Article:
When working to set yourself up for a salary increase, it is important to provide evidence for your employer which can back up your claims about what you can and already do. When possible, use actual examples of what you have done, how well you did it, what you achieved, and how this relates to the requirements of your current job or a promotion you might be seeking. The STAR model below can help you with this.
What is the STAR model?
The STAR model is one way of presenting information against what the job requires. For each criterion, think about the following and use these points to form sentences:
- Situation – Set the context by describing the circumstance(s) where you used your skills or qualities and gained the experience. (I was a manager in ABC…)
- Task – What was your role? (I was managing a project…)
- Action/Employment – What did you do and how did you do it? (I secure the required resources to implement the project plan…)
- Results – What did you achieve? What was the end result, and how does it relate to the job you are applying for? (The project was launched on time and within budget. Feedback was consistently excellent. Received divisional achievement award for project management…)
Be specific and describe exactly what you did, including the outcome.
More ways to set yourself up for that salary increase
The following suggestions are more great ways to prove yourself valuable at work. Keep these specific tips in mind, and try some out.
Ask this question: “Could a temp do what I am doing and keep the boss happy?” If the answer is “yes” or even “maybe,” you might need to step up your game. Remember that no one is indispensable; it’s just to what degree are you harder to replace.
Proactively go to your manager with tangible ideas and results. Constantly show initiative and that you are a valuable member of his/her team. Your ideas should be measurable. For example, give ideas that could save money for your employer; i.e. how the company could be saving over $50,000 annually in IT with almost zero effort!
When given problems, get back to your manager within 24 hours or as soon as practicable. Give practical solutions and say, “Here are our options, here’s the risk with each option, and here’s what I recommend and why I recommend this.”
Command respect by asking questions rather than making demands. Seek first to understand.
Know that it’s okay not to know everything, but that it’s equally important to be resourceful.
Constantly develop your emotional quotient and be human in your dealings with people. Try to speak to them rather than just emailing people. It’s about human interactions.
Ask: “What makes [your boss] successful and how can you align yourself with that?” It’s called ‘managing up’ and it’s about figuring out how you can make your boss look good to his or her boss. Focus on delivering those priorities. Be prepared to push back and tell your manager when he or she is wrong. Never be disrespectful. Always firmly stand your ground when you feel that you are right. Always be flexible and change your approach to suit the circumstances in order to achieve a positive win-win outcome for everyone.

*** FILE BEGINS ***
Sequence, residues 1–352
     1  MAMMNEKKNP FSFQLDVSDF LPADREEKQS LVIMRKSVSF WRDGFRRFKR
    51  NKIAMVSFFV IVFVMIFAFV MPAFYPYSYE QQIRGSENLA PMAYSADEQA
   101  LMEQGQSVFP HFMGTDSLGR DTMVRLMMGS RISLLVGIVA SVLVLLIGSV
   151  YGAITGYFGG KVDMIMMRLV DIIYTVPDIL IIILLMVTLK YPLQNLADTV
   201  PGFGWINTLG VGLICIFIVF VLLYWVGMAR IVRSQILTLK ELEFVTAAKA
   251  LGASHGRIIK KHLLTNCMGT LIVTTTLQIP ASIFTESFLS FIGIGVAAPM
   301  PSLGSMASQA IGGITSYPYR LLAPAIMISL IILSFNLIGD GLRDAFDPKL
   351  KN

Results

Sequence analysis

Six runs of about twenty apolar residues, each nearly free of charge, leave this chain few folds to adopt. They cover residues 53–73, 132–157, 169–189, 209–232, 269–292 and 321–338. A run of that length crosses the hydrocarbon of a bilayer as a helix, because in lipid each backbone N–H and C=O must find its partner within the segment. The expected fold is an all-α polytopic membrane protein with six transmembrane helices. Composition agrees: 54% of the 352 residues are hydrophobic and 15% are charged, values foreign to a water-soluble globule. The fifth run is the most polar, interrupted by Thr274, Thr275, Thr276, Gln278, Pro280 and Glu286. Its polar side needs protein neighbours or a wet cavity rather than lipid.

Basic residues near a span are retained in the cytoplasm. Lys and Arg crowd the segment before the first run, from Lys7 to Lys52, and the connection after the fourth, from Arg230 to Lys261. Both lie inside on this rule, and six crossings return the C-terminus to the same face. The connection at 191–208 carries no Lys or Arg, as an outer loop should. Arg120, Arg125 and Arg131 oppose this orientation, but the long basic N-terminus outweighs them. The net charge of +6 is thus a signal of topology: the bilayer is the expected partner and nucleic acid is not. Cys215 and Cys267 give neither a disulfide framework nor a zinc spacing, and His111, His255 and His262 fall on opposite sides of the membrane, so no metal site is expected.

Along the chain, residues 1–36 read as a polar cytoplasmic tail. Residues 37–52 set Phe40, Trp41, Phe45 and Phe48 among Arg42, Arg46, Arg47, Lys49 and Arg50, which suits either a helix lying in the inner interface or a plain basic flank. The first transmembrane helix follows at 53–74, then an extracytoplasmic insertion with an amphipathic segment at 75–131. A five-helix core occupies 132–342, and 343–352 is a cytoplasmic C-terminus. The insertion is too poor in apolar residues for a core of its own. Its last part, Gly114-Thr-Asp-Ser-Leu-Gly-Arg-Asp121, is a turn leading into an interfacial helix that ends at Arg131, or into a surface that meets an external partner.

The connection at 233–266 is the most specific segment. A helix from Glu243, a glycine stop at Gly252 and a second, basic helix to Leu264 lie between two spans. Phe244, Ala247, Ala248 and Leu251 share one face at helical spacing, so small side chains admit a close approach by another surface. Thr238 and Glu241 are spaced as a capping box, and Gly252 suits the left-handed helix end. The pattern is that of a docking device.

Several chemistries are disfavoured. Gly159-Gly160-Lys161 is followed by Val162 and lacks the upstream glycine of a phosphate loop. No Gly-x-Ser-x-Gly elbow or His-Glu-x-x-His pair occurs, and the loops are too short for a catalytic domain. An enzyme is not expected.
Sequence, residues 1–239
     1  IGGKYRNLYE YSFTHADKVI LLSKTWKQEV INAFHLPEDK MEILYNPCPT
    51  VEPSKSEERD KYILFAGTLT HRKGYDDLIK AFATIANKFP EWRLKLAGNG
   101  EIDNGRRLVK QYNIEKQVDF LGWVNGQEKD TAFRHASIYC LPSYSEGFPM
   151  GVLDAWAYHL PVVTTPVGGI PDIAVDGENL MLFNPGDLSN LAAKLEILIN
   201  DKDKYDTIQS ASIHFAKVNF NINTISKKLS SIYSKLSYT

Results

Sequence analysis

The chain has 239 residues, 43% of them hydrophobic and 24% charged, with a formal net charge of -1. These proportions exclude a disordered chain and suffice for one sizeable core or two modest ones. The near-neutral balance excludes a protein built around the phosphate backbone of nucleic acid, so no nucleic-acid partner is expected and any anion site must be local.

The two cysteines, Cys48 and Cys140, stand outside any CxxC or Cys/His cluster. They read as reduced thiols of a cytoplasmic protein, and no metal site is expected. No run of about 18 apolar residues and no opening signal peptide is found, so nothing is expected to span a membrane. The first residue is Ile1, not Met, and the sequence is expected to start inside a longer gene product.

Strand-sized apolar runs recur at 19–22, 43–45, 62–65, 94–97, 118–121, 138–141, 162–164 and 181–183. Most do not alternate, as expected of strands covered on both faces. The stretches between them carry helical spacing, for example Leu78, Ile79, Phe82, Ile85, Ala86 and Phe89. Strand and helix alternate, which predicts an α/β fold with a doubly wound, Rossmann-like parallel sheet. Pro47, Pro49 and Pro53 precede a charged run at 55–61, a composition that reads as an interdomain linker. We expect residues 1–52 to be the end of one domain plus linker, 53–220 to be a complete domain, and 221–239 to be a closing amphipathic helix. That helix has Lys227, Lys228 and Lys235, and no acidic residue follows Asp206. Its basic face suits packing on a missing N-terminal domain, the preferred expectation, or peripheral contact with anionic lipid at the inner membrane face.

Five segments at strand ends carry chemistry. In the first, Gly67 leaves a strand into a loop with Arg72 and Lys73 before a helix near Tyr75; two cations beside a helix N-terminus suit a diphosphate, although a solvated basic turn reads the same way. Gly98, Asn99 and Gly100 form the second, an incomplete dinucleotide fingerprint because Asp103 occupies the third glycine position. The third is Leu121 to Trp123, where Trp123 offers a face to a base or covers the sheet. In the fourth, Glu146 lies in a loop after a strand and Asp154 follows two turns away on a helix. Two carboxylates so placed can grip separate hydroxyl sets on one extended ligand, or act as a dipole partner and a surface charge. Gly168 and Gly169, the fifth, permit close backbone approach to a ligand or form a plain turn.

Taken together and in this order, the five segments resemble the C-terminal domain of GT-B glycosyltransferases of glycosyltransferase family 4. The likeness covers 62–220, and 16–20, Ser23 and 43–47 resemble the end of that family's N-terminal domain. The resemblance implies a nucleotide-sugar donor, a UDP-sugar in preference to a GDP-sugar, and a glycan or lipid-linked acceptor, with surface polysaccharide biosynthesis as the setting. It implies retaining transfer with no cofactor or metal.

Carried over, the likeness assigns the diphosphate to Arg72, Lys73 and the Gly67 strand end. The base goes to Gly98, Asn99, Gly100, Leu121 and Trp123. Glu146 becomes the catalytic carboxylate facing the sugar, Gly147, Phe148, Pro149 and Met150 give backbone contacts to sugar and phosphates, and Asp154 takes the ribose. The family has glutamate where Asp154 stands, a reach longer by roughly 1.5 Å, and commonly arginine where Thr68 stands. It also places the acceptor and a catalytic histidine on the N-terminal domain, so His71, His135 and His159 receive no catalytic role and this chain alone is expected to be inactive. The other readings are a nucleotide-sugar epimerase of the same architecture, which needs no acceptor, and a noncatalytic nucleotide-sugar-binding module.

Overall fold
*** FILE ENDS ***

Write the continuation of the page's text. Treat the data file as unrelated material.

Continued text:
Ask your manager whether you’re adding enough value to the organization. You don’t have to wait for your next performance review. While you’re discussing some other project, you can say, “By the way, I want to make sure that I’m really providing the most value-added work that I can. I know you have a lot on your plate; are there any areas that I could work on, on my time, that would help make your job easier?”
Always complete your assignments well before the agreed deadline. Your manager must have the trust that you will go the extra mile and complete all assigned work on time or early. If you have questions or concerns, you must go to your manager well before the set deadline. Pass this deadline, you are “dead.” Never give reasons or excuses for non-delivery after the set deadline because, at that point, you are already “dead.”
Be astoundingly well-rounded and constantly improve yourself. Invest in your education and knowledge. Read different books and materials. Keep up with the latest news and industry updates. Acquire skills and knowledge that will be practical in the workplace and for your work.
Always see the big picture and strategic patterns across the organization instead of being limited to just what’s happening in your own department. Be a strategic and futuristic thinker.
Be adaptive and flexible to changes around you. Your job description might change as the organization evolves. Embrace that change is the new norm.
Avoid using words like: “I can’t,” “It’s not my job,” “No,” and “I hope.”